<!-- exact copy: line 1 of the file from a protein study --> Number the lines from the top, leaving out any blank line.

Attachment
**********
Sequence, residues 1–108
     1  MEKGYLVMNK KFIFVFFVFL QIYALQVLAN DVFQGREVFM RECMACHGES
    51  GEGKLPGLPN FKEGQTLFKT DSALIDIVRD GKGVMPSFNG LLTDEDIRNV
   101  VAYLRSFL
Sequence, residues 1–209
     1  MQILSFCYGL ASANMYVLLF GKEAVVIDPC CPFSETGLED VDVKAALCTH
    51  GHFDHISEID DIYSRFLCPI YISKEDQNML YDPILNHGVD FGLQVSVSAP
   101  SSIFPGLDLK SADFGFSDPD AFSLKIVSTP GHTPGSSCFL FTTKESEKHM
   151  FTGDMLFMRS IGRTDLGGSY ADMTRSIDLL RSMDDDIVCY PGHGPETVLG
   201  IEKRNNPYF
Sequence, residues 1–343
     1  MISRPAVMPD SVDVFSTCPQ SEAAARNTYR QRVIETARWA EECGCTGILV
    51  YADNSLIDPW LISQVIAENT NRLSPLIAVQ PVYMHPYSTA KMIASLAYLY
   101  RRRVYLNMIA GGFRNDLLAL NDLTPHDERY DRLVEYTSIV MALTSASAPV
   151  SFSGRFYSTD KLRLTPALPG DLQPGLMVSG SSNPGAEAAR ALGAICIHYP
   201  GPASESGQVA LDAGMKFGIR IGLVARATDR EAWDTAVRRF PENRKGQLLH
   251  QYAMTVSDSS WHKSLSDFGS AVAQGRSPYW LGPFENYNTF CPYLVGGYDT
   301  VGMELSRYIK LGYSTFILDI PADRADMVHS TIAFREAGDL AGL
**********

Sequence, residues 1–108